The drowning of a 12-year-old in a river in Bury has been ruled accidental by a coroner, more than a year after her death.
The body of Shukri Abdi, who came to the UK as a refugee with her family, was recovered by underwater search teams from the River Irwell in Greater Manchester on June 27, 2019.
According to the Justice for Shukri Abdi campaign, her family are now “considering legal action against the police” for alleged failures in “properly investigating” her death.
BREAKING: Shukri Abdi's family are considering legal action against the police for their failures in properly investigating Shukri's death and the subsequent treatment of the family #JusticeForShukriAbdi
— Ilyas Nagdee (@ilyas_nagdee) December 4, 2020
On Friday, Joanne Kearsley, senior coroner for Manchester North, said Abdi got into the water on a warm evening with another girl, “following some encouragement”.
The other child was aware Abdi could not swim, and would therefore be reliant on her to stay afloat, she said. Both went to an area of the water that was deeper and at some point the other girl tried to swim underwater, the coroner continued.
Kearsley said: “At this point, on the balance of probabilities, a combination of deep water, together with Shukri panicking and the other child struggling to swim, meant that she probably pushed Shukri off. Shukri went under the water and drowned.”
The coroner said both Shukri and the other child, referred to as Child 1, had joined other youngsters in visiting the river on the warm, sunny evening.
Lawyers for Shukri’s family submitted the coroner should consider a verdict of unlawful killing from either an act of murder or gross negligence manslaughter.
The inquest heard evidence that while walking to the river, Child 1 had said to Shukri: “You’d better get in the water or I am going to kill you,” but it was said in a laughing and joking manner.
The coroner found the remark was not made with any malice or intent, but “very much in the context of a child who was keen to go swimming in the water and did not want to be the only one in the water”.
Kearsley went on: “The fact is, there is absolutely no evidence before the court that Child 1 had any intention to kill Shukri.
“At its very highest, the comment made by Child 1 which has been described as a ‘threat to kill’ is in my judgement, in the context spoken, a phrase used by an exuberant child in the company of her peers.
“To even suggest this case reaches anywhere near the standard required for a court to consider the most serious of offences was misplaced and most unhelpful.”
But the coroner did find that Child 1 had breached her duty of care to Shukri, in that a child of similar age and background should have recognised the risk of death to someone who needed her to stay afloat.
However her actions fell far short of a flagrant breach in which her actions could amount to gross negligence manslaughter, she added.
Kearsley said: “Child 1 was naive, she was foolish, she thought she could teach Shukri to swim, and this ill-considered act went badly wrong.
“She did not force Shukri into the water, she did not undertake any actions with the explicit intention of causing her harm.
“She was in unfamiliar water, the dangers of which I am satisfied were not fully appreciated.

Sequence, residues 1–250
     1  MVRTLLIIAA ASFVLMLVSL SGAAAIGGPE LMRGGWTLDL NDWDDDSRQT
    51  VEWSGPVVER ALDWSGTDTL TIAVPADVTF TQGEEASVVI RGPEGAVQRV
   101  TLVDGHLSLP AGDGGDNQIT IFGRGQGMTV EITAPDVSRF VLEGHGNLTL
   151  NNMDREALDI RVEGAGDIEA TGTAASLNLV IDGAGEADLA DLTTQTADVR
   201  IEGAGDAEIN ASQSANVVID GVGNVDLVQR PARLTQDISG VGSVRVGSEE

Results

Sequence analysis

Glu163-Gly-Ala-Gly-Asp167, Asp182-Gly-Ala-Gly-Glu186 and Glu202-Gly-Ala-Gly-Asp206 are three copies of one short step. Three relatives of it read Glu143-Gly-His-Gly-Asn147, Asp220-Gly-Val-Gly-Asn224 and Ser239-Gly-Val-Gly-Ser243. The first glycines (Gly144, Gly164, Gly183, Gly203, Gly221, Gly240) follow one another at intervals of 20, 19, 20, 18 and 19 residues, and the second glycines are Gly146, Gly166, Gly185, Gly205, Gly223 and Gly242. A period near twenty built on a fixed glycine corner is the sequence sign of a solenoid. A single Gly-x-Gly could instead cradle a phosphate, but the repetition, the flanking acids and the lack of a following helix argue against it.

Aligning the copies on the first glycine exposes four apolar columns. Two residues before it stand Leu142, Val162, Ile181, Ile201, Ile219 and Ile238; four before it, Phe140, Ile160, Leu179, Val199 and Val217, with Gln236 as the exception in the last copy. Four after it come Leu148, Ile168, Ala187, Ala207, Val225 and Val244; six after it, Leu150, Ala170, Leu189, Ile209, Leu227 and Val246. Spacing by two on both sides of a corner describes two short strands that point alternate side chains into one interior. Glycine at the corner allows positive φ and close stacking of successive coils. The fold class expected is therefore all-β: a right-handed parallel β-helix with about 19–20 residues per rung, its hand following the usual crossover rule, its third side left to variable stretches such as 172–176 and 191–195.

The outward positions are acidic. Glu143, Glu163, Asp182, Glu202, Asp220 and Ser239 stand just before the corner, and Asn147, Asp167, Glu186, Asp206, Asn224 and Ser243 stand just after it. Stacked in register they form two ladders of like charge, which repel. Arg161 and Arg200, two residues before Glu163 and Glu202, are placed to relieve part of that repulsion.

“At its highest this was a serious error of judgement. I am sure the ramification of June 27, 2019, will be felt by many for a long time.”
Abdi’s family have previously accused Greater Manchester Police of racism, claiming that they were treated differently from other victims due to their race.
“Do you believe the police force treated you differently because they are institutionally racist?”
The family and lawyer of Shukri Abdi, who drowned aged 12, say police prematurely concluded her death was not suspicioushttps://t.co/ZSgFXsqCZT #VictoriaLIVE pic.twitter.com/V4zf8Noiix
— Victoria Derbyshire (@VictoriaLIVE) August 14, 2019
It was announced in August 2019 that the Independent Office for Police Conduct (IOPC) had begun an investigation following a complaint about police actions following her death.
Manchester’s mayor Andy Burnham said earlier in June that he would “look into” Abdi’s case, telling BBC Asian Network that he had received 6,000 emails about her death and the subsequent handling of the incident.
Abdi’s family released a statement on Friday, through the Justice for Shukri Abdi campaign, in which they said: “The coroner released her verdict of accidental death. [It] brings to a close a painful chapter for the family, one which has been made even more painful due to the failure of all the institutions that were meant to protect Shukri.
Statement from the #JusticeForShukriAbdi Campaign
The Coroner released her verdict of accidental death brings to a close a painful chapter for the family, one which has been made even more painful due to the failure of all the institutions that were meant to protect Shukri.
— Ilyas Nagdee (@ilyas_nagdee) December 4, 2020
“Seventeen months ago, this campaign was created in the wake of the tragic death of Shukri. Since then her mother Zamzam and her family have faced what can only be described as a never-ending nightmare as she demanded answers and the truth of her beloved daughter’s last moments on this earth.”
They added: “Institutional racism, Islamophobia, the demonisation of refugees and migrants continues to this day.
“We ask everyone to carry forward the determination and strength Zamzam and her family have shown in the struggle against these injustices, and this time, when we demand action, we must persist because no family should ever have to go through this ever again.”
This article originally appeared on HuffPost UK and has been updated.